HIGH POINT — The COVID-19 pandemic has had a profoundly disruptive effect on consumer lifestyles, impacting everything from how they spend time in their homes to how and what they buy. This has been evident across the home furnishings industry as consumer demand throughout the second and third quarters of 2020 reached record levels.
Perhaps one of the most profound shifts has been the dramatic increase in online shopping, beginning with widespread shelter-in-place orders in the spring of 2020 but continuing throughout the remainder of the year and into 2021.
However, a recent consumer survey conducted by Furniture Today Strategic Insights indicates that the impact of these shifts is far from uniform across all consumer segments.
Buy it online
Furniture Today’s research suggests that shopping habits and product selections can differ significantly by generation.
For example, nearly 23% of Millennials indicated they are “much” more likely to shop the Internet as a result of the pandemic, compared with only about 9% of Baby Boomers. An additional 35% of Millenials described themselves as “somewhat” more likely to shop the Internet with only 28% of Boomer expressing that intent.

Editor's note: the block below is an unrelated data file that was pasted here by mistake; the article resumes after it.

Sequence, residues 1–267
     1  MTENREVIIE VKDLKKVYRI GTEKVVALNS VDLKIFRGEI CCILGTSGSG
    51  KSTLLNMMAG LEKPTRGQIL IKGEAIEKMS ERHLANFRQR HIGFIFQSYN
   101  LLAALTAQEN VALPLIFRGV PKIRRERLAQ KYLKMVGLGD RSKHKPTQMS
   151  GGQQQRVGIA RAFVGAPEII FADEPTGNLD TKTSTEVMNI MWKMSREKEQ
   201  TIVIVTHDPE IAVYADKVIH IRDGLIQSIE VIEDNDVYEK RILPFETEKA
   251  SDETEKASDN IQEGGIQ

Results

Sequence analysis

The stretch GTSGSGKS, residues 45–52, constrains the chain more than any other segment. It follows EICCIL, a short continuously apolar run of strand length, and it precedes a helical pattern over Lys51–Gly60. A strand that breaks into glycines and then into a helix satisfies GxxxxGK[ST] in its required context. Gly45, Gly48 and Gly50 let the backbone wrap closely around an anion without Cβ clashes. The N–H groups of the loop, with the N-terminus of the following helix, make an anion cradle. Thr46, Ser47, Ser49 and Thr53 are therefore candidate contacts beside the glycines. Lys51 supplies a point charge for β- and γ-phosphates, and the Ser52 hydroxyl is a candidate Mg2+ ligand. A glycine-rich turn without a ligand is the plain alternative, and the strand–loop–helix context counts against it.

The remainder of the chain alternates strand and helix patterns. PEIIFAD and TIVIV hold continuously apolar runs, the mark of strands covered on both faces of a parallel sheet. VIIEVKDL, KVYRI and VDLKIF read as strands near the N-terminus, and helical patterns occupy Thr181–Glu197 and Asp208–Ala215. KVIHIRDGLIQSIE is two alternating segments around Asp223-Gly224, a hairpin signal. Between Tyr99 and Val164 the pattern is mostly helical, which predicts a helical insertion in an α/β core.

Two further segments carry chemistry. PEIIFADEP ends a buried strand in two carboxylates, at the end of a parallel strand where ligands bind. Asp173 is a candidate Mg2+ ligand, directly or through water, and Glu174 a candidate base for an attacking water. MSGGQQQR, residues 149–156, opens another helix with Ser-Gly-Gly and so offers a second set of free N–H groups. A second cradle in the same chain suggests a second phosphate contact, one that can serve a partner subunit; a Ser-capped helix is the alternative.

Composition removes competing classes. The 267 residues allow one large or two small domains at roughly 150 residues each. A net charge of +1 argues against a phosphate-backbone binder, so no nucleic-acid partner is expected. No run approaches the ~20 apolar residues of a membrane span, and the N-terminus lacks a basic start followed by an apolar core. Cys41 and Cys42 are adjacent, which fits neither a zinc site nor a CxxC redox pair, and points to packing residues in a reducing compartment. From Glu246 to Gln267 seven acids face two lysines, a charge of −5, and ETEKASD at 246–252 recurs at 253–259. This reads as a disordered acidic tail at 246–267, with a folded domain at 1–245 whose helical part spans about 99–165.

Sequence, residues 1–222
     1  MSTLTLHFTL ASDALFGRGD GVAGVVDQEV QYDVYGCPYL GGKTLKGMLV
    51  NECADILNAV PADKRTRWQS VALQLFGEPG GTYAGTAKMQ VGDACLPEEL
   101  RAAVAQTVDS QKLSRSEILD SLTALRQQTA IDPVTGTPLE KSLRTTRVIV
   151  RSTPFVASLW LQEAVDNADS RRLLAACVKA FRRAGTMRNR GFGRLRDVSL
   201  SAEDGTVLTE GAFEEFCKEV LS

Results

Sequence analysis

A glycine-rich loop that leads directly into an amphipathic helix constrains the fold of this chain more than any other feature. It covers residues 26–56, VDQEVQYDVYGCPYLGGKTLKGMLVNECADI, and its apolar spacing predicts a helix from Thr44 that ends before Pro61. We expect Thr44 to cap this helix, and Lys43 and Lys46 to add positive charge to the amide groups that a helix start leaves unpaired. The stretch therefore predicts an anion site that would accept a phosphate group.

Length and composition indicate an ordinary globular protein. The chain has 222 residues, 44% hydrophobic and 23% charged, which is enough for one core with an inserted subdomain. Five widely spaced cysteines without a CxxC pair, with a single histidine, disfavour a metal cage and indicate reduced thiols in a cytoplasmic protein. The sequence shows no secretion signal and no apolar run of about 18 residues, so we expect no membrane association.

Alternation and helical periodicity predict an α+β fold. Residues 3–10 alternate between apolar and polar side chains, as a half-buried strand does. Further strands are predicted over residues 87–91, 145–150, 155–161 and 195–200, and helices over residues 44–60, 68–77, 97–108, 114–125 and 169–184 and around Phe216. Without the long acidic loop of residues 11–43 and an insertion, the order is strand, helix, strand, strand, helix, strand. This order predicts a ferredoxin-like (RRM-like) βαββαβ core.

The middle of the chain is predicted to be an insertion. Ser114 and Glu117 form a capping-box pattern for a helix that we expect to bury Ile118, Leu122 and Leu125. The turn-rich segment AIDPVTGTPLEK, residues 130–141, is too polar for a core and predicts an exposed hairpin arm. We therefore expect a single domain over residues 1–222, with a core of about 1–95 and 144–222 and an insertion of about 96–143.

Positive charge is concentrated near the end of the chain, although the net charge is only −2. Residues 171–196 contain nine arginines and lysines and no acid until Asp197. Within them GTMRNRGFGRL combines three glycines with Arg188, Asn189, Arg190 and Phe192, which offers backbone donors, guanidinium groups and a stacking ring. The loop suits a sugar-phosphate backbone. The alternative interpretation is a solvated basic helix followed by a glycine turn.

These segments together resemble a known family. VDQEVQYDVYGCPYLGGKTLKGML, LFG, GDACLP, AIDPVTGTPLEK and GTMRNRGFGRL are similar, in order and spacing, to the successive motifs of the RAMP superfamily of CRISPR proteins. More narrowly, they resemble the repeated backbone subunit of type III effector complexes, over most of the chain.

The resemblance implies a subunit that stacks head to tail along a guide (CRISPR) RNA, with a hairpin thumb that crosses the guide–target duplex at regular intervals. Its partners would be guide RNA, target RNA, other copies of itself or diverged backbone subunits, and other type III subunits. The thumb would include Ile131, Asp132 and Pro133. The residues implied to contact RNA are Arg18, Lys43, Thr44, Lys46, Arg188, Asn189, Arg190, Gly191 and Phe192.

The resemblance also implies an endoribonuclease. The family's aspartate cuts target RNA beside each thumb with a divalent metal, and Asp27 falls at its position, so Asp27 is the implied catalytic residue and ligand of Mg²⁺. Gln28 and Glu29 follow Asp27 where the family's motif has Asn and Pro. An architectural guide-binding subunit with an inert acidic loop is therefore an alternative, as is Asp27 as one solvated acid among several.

Perhaps not surprisingly, Gen X’ers fell somewhere in the middle on both counts, with about 18% saying they are “much” more likely to shop the Internet and about 32% saying they are somewhat more likely.
Another area where the Internet’s influence appears uneven is the product categories consumers expect to purchase there.
For example, nearly 70% of consumers say their next desk purchase is likely to be online, compared with only about 44% of recliner shoppers and about 48% of sofa buyers. Similarly, dining tables, another low touch-and-feel product category, saw nearly 60% of shoppers say their next purchase will be online.
The one seeming outlier and the traditional high touch-and-feel category to see more than half of consumers express an Internet preference was mattresses. That segment, which has seen boxed beds upend the traditional shopping paradigm and drive large numbers to shop online, saw nearly 53% of consumers say their next purchase will be on the Internet.
Money to spend
The pandemic has also had an uneven impact on consumer income, with Millennials appearing to fare better than their generational counterparts and Baby Boomers appearing to suffer the most.
It’s noteworthy, for example, that roughly 30% of Millennials said their income has increased since the pandemic, while only about 17% of Baby Boomers said the same. On the other hand, a majority of Baby Boomers (52.2%) said their income has remained the same, while less than 40% of Gen X and Millennials held their incomes steady.